You may recall that our son was married earlier this year. Despite his status now as a full-fledged adult, I occasionally find myself feeling nostalgic about days gone by. Recently, I found myself reminiscing about our nutcracker tradition while shopping at my local Target. I browsed the colorful displays of nutcrackers- wondering if perhaps they had a bride and groom- or if there might be a way to bring my new daughter-in-law in on the tradition.

I made the mistake of wondering some of these thoughts aloud to my husband. Then, I lamented the passing of the years, of our son growing up so quickly and the loss of our family tradition. Perry said curtly that it was time for the nutcrackers to move in with Brennen. “Brennen has a home and a family of his own”, he says. “It’s time for them to move in with HIM.”

On the other side of this tale, I know that my husband has “practical” needs in mind for the spaces previously occupied by nutcrackers once they are released from the burden of the wooden figures. My dining room table is already set, completely full with my grandmother’s red and gold china, vintage monogrammed napkin rings and salt dishes that Perry found for pennies on the dollar in one of his antiques outings. My husband feels that we need the server for entertaining, some extra space to hold the ice bucket and the wine. I knew the view expressed by my husband were the practical, logical solution, but the thought of a Christmas without those nutcrackers seems, well… sad. The sideboard at Christmas,  without the nutcrackers standing guard, would look naked as a jaybird. Besides, I reasoned, we had absolutely no suitable Christmas decor to use to replace the areas previously occupied by the nutcrackers. Perhaps, I argued, I could buy some sale items at the end of the season to fill that void…until then, maybe they could stay at my house for one more year?

In the end, I asked my son. I said, “Son, you’re married now with a house of your own, If you want to take the nutcrackers to your house this year, they’re yours… you know you are welcome to.”

This is what I said. But in my mind, I pictured those big ole dogs of his knocking them down from their perch, making a meal of the poor Mouse King. Gnawing the baseball to a pulp. Pulverizing the wooden cell phone like a chew-toy. I imagined the nutcrackers stored in those same bins, lined in rows along the perimeter of my son’s basement, the humidity loosening the nutcrackers’ fragile joints and patches of mold forming on their fur.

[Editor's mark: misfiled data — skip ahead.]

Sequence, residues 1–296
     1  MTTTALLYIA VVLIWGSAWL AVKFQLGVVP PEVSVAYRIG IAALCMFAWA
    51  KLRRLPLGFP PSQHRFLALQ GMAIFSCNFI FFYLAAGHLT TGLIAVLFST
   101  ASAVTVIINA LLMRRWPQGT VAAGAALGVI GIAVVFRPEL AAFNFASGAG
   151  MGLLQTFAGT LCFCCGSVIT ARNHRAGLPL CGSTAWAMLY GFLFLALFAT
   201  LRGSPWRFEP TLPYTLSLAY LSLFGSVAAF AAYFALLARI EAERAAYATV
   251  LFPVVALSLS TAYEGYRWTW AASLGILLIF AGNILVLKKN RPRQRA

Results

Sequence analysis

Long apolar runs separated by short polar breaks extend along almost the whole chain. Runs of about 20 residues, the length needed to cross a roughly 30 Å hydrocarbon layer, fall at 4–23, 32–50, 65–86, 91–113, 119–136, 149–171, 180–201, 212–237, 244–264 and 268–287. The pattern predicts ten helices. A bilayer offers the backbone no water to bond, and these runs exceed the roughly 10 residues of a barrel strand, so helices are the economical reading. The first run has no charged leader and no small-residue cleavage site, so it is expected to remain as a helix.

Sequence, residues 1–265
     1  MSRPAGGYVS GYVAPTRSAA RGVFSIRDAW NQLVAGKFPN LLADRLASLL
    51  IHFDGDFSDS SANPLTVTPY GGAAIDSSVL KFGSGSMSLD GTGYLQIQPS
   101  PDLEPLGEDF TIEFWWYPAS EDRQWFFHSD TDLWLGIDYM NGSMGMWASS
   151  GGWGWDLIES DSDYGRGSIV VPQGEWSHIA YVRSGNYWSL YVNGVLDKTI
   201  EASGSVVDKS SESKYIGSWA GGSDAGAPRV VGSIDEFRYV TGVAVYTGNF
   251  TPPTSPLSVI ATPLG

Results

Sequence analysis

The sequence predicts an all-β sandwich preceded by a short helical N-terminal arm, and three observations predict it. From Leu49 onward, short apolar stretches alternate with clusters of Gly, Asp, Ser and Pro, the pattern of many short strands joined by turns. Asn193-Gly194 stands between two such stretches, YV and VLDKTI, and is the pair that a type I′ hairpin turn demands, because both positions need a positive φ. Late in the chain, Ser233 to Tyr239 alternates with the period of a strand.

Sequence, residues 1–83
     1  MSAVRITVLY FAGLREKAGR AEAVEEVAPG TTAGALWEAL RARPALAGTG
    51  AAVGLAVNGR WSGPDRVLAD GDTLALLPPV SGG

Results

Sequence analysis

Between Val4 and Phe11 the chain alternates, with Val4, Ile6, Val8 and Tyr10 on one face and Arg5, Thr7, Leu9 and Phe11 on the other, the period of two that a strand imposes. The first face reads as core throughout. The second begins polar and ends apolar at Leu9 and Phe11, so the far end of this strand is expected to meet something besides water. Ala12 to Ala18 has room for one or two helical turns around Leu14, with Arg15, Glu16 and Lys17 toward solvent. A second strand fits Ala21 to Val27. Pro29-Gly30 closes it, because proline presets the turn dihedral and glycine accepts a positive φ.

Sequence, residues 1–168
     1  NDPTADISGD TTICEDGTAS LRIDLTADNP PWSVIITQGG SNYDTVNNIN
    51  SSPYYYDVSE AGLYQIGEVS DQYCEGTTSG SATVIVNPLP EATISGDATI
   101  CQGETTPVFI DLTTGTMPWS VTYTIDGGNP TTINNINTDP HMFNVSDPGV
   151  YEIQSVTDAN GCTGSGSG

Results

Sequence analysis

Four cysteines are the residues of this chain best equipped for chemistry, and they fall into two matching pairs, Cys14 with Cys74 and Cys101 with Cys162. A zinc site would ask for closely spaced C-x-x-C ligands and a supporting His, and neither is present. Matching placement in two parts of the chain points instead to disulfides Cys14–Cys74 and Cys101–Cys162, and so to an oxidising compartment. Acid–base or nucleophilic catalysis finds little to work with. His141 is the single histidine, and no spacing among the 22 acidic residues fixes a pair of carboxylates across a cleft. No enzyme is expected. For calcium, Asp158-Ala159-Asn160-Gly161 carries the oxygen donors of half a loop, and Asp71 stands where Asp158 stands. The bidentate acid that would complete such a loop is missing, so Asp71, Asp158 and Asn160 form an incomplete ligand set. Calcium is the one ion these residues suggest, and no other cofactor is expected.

Such special things, these relics from the past 24 years. The journey, I suppose, of a boy becoming a man.

My son, however is a lover of tradition. His whole life, from the time he was an infant, he has found change to be difficult. What a nightmare it was, when it was time to transition from the crib to a big boy bed. He always hated the change of seasons, complaining when it was time to trade tennis shoes for sandals and t-shirts for bulky coats and itchy sweaters.

All these years spent together as mother and son, I thought we were so different on this accord. Wasn’t I the more progressive one? The one who always embraced change. Change, I said, was good. Now, I saw the nutcrackers positioned on the battlefront between progress and tradition. I had changed alliances. Change wasn’t good. Change was b-a-aa- ad.

“No, mom,” Brennen said “Never stop giving me the nutcrackers.” He was emphatic, animated, certain, all twenty-four years of him.

That’s my boy…

 

 

 

 

 

12 Days: Merry Christmas, Mrs. Bledsoe

jerry-bledsoeI have written this series of “12 Days of Christmas Blogs” for several years now, but I have a confession. Honestly, I’m worried. What if I’m all out of Christmas stories? The major moments of Christmas past, it seems, I’ve already penned. Before a panic attack sets in, I force myself to sit still for a while and try to calm my mind.

When I do, I find there are moments of inspiration floating by all around me. I simply need to take the time to notice and look a little deeper…